Consema postpones vote on requiring environmental impact assessment of projects near Aboriginal lands

Consema postpones vote on requiring environmental impact assessment of projects near Aboriginal lands

9/21/2012

Recommendation in this regard was submitted to the Council by the MPF/MT

 

In a unanimous vote, the Board members that make up the State Council for the environment (Consema) decided to withdraw from the voting agenda the proposal to amend the Resolution 26, July 2007. The proposal significantly altered the requirements for mandatory submission of environmental impact assessment of projects and activities to be installed near indigenous lands.
Resolution No. 26/07 of Consema, which remains in force, establishes the obligation of preparing the environmental impact assessment (EIA) for projects located 10 kilometers away from indigenous lands. The amendment provided for the EIA requirement only for high-potential polluter enterprises when they are located three miles away from indigenous lands.
In the opinion of prosecutors Marcia Barrientos Zollinger and Rodrigo Timothy, who signed a recommendation submitted to the President of Consema, is worrisome to fixing a distance, still more than three kilometers, the shortsighted to say that this is the only way the project will impact.
“We know that this measurement is misguided. A clear example is the Shps [SHPS] 50 kilometers away from indigenous lands and still cause a significant impact. The mileage does not show a correct measurement criterion. And the recommendation of the MPF is to ensure that any proposed change to the wording of the resolution 26/07 does not restrict the mileage for assessing whether or not the project will impact the Indian lands, “said Marcia Zollinger Attorney Barry during the meeting of Consema Thursday morning, 20 September.
In the recommendation issued by Consema, prosecutors argued the necessity of compliance with the Convention 169 of the ILO (International Labour Organization) on indigenous and tribal peoples, signed by Brazil in 1989 and ratified in 2002, which provides that Governments must consult the peoples concerned, through appropriate procedures and in particular through their representative institutions, whenever they are legislative or administrative measures which may affect them directly.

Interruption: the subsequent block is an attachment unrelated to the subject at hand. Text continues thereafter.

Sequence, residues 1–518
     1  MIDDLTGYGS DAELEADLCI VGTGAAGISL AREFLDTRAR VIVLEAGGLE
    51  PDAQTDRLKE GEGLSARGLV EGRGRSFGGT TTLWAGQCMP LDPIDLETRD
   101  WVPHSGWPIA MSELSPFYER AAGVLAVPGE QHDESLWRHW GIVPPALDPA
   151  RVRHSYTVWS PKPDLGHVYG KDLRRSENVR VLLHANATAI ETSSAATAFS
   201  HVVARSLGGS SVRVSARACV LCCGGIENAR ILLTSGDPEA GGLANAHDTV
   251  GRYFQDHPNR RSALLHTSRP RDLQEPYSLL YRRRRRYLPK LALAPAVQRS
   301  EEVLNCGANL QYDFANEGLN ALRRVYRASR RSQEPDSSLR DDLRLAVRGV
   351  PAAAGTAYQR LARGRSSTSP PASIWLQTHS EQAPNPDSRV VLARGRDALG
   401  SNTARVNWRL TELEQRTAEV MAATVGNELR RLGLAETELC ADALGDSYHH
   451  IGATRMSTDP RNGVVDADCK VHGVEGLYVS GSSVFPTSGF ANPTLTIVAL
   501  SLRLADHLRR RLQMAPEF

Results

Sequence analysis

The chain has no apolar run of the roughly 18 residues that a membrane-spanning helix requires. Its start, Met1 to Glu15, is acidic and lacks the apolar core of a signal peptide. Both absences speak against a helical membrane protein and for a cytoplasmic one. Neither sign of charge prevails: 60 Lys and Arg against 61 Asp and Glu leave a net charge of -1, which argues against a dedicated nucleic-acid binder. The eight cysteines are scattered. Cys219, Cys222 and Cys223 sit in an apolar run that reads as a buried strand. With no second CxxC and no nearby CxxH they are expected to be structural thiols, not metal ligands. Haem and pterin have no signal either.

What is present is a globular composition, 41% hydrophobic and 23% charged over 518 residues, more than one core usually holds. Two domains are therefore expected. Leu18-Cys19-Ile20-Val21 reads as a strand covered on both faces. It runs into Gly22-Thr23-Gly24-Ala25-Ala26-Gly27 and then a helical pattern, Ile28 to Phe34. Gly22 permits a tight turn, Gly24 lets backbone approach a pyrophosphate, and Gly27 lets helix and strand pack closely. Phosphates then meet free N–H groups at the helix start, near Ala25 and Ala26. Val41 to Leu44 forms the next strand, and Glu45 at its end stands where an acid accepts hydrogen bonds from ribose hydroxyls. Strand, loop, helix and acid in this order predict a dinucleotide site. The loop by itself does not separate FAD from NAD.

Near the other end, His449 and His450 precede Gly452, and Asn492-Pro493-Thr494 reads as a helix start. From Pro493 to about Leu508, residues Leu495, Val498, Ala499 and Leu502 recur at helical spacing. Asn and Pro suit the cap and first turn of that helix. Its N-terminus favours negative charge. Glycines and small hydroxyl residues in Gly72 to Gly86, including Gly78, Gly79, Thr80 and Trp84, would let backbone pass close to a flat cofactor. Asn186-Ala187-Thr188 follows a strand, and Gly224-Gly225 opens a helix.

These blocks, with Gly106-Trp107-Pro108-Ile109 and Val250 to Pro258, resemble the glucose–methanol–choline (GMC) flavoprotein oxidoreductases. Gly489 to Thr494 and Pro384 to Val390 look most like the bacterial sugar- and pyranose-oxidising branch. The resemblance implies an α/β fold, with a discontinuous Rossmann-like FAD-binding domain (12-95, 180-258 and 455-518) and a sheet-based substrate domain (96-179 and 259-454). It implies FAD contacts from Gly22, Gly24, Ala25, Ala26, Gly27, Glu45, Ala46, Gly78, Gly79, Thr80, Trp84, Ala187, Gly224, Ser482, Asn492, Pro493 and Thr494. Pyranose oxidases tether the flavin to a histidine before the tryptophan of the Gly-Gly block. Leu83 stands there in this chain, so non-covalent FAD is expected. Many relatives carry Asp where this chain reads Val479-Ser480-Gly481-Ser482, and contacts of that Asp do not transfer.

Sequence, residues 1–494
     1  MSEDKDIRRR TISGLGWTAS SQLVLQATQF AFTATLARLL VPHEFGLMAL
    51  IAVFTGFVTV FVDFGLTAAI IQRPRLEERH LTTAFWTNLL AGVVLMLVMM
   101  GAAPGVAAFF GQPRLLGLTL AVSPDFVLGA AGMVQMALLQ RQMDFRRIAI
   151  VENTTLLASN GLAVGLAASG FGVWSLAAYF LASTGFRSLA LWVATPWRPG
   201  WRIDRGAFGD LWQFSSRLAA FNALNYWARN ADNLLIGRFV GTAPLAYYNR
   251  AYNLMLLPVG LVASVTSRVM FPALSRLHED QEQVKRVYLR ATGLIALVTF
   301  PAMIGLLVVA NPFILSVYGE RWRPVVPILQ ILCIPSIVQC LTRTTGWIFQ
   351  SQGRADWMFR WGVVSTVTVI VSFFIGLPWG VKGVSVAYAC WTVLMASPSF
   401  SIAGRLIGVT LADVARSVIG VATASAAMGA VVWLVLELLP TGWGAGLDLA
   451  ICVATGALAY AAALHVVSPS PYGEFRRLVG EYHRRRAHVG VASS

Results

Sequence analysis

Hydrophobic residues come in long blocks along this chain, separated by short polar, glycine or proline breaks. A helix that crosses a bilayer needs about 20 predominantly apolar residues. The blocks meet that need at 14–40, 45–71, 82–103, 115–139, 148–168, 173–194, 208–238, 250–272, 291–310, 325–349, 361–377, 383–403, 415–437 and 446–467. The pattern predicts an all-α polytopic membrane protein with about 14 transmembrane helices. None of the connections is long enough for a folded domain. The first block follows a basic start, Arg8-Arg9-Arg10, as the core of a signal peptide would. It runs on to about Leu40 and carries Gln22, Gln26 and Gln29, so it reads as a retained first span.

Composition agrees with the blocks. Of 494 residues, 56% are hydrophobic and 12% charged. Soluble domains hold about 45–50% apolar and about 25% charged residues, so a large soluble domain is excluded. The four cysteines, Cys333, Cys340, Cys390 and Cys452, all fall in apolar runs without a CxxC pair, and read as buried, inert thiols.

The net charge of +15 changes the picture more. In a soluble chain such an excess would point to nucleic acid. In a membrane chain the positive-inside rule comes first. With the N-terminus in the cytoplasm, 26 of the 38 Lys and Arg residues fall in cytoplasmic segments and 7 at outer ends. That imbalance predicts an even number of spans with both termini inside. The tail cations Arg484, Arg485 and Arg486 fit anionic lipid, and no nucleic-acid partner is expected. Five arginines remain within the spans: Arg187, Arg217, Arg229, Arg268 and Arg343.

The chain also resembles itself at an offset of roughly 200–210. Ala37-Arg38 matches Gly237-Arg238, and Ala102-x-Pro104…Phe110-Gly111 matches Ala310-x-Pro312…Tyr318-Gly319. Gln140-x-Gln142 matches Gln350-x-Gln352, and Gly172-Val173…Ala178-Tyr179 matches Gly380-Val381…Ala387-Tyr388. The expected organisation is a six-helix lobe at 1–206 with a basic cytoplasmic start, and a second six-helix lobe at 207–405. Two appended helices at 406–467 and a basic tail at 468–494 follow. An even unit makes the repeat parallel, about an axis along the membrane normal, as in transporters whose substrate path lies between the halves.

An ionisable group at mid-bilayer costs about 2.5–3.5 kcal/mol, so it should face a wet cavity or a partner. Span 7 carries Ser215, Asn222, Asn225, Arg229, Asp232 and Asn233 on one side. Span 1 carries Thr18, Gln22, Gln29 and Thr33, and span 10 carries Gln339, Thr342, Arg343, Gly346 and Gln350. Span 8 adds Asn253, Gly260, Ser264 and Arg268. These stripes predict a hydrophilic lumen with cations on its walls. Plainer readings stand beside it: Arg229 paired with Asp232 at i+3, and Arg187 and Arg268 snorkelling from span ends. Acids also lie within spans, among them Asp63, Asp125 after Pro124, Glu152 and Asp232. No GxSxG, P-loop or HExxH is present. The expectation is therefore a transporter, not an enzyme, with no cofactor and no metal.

According to prosecutors, in the case of Resolution of Consema, as this is a standard that has to be respected as law, indigenous peoples must participate in the discussion of the proposed amendment. In addition, indigenous peoples have the right to be consulted before issuing the licence of projects and activities that may cause direct or indirect impacts on indigenous lands, regardless of distance.
“All people have standards and rules that must be respected. This new resolution aims, in our view, to destroy the whole cultural principle that we Indians have. Our culture, our beliefs, hunting and fishing are [sic] based in balance with nature. This is our concern the impacts caused on of our beliefs and way of life of our community, “said Porumakuda, one of the indigenous representatives who attended the meeting to express the understanding of indigenous people about the proposal of Consema.
Participation of Funai -another item of the amendment concerned the participation of Funai. For the MPF, Funai has to participate and monitor all phases of the environmental licensing process. The proposal to amend the resolution excluded the organ of examination of prior environmental impact study and study of indigenous component, an integral part of EIA for projects and activities that impact indigenous lands.
The proposal to amend the resolution emerged from the discussion and vote on tariff Consema until the approval of the regulation of complementary law 140. After the regulation of the law, the composition of the Commission for drafting the new text of the resolution will be recast.
According to prosecutors, the recommendations made by the MPF will continue paying for the preparation of the new text of Resolution 26/07 of Consema.
The Consema consists of Councillors of organs and entities representing public authorities, organized civil society entities and non-governmental environmental organizations.
Communication advice Commonwealth Attorney in Mato Grosso

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